This week, I got something in the mail that I'm pretty sure is going to change my life for the better. Perhaps that's the melodramatics in me talking, but health and wellness is concerned here, so I like to think I'm speaking truths.
It's a device called Lumo Lift, and it's kind of like a FitBit or fitness tracker in that it connects to your smartphone to keep you updated on your progress. FitBit monitors a lot — everything from your steps to your incline to your sleeping schedule. It does not, however, monitor your posture, which is what Lumo Lift does in addition to serving as a pedometer.
So the device is pretty straightforward: it works by sensing when you're slouched. You stand or sit upright and then double click the device to set it.
If it senses you're in a slouching position for more than two minutes, it gently buzzes. You can set the slouch notification to whatever amount of time you want, but the device recommends two minutes, so that's what I've been doing.
Some initial impressions:
- I usually get frustrated setting up new electronics, but this was pretty painless. The instruction manual instructs you to download the app, and then the app takes over from there. I was set up within minutes.
- I was worried that people would be able to hear me buzzing. After a double date in which we were leaned over a shallow table and I was buzzing practically every two minutes, I learned that people can hear the device buzz. The good news is that it's probably only audible by those in very close proximity, and that it sounds like a phone. The better news is that you can disengage the buzz when necessary. It still monitors your slouching when you do this.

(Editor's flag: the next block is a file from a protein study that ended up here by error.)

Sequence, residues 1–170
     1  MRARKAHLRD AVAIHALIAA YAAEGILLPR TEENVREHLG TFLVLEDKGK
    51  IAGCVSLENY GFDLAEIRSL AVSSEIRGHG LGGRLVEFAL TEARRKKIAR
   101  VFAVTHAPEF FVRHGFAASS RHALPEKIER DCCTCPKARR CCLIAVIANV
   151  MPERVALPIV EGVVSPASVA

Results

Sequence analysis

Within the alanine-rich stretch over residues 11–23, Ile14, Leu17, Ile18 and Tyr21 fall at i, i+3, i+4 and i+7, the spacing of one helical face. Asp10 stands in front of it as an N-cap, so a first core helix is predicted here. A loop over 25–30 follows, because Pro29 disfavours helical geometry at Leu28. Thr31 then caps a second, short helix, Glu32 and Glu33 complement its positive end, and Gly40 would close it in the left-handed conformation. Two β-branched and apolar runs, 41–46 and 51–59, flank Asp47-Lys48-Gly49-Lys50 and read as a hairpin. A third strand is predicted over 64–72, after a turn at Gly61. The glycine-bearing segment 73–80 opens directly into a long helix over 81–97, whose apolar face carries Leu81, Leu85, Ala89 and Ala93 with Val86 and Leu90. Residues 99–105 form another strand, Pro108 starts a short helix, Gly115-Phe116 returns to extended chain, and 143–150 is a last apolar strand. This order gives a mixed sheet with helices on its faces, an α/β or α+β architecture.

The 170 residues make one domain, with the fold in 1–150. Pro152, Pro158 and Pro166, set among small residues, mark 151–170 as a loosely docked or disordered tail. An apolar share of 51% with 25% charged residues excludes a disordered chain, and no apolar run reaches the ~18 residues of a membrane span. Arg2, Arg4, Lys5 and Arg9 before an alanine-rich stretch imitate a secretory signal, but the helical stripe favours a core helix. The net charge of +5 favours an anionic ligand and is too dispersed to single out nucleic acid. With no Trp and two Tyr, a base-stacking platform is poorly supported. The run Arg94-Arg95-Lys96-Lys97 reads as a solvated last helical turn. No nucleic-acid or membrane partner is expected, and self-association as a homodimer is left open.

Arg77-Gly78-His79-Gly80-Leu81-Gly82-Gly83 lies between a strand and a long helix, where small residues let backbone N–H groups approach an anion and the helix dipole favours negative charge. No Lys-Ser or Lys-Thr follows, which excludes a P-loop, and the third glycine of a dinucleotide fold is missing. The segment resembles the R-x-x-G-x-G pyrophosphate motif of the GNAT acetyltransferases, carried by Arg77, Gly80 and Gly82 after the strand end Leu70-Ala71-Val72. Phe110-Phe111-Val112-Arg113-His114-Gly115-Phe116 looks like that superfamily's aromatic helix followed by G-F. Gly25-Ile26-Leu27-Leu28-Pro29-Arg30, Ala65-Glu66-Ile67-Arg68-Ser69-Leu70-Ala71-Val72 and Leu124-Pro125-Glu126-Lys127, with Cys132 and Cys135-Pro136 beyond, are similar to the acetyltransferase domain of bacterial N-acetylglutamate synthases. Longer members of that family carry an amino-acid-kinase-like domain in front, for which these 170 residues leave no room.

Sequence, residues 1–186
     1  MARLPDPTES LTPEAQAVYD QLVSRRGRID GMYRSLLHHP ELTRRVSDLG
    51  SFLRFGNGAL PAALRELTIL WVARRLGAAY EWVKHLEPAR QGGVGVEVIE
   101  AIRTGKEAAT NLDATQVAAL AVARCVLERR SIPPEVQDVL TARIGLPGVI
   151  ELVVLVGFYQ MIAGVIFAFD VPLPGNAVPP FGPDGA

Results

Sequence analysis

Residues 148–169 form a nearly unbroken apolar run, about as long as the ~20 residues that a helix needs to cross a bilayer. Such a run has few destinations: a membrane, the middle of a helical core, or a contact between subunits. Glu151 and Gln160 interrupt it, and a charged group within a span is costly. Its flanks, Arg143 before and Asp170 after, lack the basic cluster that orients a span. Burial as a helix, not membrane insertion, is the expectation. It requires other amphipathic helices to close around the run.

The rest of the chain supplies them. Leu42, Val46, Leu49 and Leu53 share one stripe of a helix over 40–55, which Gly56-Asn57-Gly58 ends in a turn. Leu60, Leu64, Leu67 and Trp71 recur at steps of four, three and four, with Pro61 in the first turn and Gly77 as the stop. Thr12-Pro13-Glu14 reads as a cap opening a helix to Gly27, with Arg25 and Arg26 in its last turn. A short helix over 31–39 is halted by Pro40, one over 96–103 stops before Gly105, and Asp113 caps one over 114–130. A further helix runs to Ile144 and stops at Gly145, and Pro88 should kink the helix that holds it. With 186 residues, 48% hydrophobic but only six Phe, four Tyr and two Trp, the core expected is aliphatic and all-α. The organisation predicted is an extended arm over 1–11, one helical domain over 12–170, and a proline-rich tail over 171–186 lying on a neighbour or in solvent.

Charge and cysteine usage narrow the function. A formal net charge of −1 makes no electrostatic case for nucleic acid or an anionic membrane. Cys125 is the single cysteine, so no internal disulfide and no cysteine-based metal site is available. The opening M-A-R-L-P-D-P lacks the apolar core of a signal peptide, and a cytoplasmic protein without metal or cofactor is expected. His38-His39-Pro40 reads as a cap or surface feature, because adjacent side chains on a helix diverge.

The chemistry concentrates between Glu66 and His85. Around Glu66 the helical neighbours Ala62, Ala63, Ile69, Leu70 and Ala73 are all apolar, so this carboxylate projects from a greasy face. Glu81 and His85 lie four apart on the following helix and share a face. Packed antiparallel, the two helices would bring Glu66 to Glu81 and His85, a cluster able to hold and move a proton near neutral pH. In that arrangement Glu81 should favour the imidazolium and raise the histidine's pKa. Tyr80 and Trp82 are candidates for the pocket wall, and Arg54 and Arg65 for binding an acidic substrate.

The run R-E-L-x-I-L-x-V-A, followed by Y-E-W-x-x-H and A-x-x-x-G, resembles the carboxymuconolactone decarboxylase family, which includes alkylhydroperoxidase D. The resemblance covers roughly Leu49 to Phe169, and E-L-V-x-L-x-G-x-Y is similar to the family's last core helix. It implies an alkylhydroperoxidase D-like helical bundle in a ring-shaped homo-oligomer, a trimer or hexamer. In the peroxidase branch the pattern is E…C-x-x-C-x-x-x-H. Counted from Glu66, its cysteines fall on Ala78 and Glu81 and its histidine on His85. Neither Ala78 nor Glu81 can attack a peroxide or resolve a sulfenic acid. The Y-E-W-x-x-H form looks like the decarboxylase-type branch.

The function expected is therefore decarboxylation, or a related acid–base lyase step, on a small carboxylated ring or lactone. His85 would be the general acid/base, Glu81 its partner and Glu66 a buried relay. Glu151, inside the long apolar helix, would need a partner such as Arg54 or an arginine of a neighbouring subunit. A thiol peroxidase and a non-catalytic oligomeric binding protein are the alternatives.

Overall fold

- I have become hyper-aware of my posture. Yes, I've found myself frustrated sometimes when the device keeps buzzing, but that's ultimately a good thing because it's teaching me that even when I think I'm doing well, my posture is still not quite there yet.
Though I've learned that my posture can use some serious work, I've also learned that my posture isn't terrible. In fact, on my second day of wearing the device, I was able to make the default goal of four good posture hours early in the day.
So, let's discuss aesthetics. The device is intended to be worn on your bra strap if that's a possibility for you. That keeps it out of sight. You can also wear it on your shirt or dress, if you prefer. Above I'm wearing one of their glitzy Swarovski buttons, but the buttons are interchangeable.
I'm pretty hooked already and eager to see if my posture corrects itself over time. I'm also glad to have a pedometer again (ran my FitBit through the wash forever ago), and have found it's keeping me on my feet more.
- Would you try this gadget?
- Do you have a fitness tracker and if so, what kind? Do you like it?
- How would you describe your posture?